Saturday, September 25


One of my personal favorites, Eugene Oregon of Demagogue:

A Simple Point: Politics is Complicated
Stanley Fish has an interesting op-ed in today's New York Times.

"In an unofficial but very formal poll taken in my freshman writing class the other day, George Bush beat John Kerry by a vote of 13 to 2 (14 to 2, if you count me). My students were not voting on the candidates' ideas. They were voting on the skill (or lack of skill) displayed in the presentation of those ideas."

He goes on to analyze Bush's rhetoric versus Kerry's rhetoric and concludes that Bush is succeeding because his arguments are simple and easy to understand, while Kerry's rhetoric is circular and difficult to follow.
He concludes

If you can't explain an idea or a policy plainly in one or two sentences, it's not yours; and if it's not yours, no one you speak to will be persuaded of it, or even know what it is, or (and this is the real point) know what you are.

I realize that this is all very true, but I find the idea that complex ideas ought to be made simple so that people can understand them infuriating.

Kant and Wittgenstein are considered two of the greatest philosophers Western philosophy has ever produced, yet their writings are nearly impossible to comprehend. And it is hard to comprehend because the topics they are analyzing are complicated and difficult. Their attempts to clarify and understand complex topics is itself extremely complicated (care to provide your own analysis of how synthetic a priori judgments are possible, anyone?) but it is the complexity of their philosophy that makes it so important.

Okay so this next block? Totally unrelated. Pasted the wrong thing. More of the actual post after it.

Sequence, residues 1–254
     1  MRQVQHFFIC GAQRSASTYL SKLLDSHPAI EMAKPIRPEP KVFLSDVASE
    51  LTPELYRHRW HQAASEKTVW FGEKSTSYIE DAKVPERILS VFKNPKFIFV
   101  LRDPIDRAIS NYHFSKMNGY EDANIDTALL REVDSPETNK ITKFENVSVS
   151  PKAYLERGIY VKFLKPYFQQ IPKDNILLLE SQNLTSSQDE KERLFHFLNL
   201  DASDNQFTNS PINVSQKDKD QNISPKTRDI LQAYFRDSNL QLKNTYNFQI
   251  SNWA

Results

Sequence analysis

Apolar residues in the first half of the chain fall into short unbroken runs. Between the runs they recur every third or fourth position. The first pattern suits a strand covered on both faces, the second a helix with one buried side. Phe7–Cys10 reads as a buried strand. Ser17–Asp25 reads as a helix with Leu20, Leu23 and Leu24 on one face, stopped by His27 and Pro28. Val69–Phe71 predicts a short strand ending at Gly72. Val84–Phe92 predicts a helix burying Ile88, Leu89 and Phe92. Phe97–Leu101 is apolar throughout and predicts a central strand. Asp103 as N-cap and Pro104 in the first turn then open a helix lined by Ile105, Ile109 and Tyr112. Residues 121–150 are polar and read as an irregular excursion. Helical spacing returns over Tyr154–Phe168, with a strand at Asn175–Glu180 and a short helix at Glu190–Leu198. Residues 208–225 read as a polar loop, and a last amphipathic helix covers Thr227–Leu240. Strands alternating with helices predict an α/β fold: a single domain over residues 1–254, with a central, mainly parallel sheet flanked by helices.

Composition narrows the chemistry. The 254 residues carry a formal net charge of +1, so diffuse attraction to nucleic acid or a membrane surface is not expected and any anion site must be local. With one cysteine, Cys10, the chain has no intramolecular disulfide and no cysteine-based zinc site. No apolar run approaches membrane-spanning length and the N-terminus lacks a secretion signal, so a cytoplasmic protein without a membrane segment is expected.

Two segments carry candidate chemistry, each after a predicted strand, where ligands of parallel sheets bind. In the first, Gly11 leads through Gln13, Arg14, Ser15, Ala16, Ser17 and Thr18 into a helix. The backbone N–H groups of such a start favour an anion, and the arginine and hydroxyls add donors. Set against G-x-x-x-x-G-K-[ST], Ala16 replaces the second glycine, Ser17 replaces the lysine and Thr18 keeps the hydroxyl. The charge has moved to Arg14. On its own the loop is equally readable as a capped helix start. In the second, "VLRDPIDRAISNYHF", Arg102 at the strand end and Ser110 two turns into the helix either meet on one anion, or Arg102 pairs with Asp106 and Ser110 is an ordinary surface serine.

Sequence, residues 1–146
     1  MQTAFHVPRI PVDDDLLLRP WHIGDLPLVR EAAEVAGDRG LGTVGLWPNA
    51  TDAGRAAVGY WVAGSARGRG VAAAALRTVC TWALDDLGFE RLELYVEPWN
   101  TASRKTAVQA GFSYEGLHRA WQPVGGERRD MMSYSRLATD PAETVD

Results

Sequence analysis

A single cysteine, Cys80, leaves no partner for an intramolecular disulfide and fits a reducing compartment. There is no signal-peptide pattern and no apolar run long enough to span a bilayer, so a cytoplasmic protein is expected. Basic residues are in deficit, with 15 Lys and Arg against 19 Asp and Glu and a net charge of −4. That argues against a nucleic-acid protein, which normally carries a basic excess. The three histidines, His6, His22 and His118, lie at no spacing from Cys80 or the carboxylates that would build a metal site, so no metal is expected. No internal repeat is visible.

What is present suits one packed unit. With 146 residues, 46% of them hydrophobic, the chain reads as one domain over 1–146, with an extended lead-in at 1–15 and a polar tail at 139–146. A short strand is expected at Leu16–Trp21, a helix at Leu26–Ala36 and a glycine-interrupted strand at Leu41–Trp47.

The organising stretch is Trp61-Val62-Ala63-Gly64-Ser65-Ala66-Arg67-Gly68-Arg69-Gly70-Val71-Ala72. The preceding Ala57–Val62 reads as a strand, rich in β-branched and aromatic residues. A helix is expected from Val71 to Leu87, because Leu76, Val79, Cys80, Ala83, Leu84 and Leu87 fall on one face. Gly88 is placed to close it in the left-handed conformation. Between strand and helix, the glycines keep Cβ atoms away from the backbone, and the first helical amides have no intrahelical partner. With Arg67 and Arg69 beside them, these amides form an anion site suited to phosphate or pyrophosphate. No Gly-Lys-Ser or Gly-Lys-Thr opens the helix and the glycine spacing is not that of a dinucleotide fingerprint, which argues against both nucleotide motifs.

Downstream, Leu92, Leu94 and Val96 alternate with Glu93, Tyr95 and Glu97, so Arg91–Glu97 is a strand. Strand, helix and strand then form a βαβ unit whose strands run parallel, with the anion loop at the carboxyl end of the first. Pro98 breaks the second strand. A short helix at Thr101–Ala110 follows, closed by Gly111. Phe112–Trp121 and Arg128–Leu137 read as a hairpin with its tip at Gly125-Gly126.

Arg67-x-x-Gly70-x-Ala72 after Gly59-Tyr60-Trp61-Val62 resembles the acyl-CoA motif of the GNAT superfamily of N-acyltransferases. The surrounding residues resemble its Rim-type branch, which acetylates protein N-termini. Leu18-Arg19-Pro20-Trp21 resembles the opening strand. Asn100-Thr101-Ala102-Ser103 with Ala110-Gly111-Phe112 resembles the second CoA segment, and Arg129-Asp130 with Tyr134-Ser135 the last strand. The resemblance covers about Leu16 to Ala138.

Hell, even the books that seek to simplify Kant's and Wittgenstein's philosophies so that laymen can understand them are extremely difficult to comprehend (or maybe I am just an idiot.)

Anyway, I'm not comparing Kerry to Kant or Wittgenstein. I'm simply trying to point out that making complicated things seem simple just ends up glossing over all the important details that are the source of the actual problem.
Providing simple, easy-to-understand solutions to complex problems does no good if those solutions are made simple by totally ignoring the complex nature of the problem.

Americans seem to want their politics to be simple so that they can understand it. But domestic and foreign affairs are complex issues and can't, and shouldn't, be overly simplified for easy consumption. Doing so only undermines our ability to find genuine solutions to these problems.

In short, nobody should vote for the candidate who can provide easy answers to difficult questions because those easy answers are usually misleading and dangerous.

Or, as H.L Mencken said, "There is always an easy solution to every human problem - neat, plausible, and wrong."


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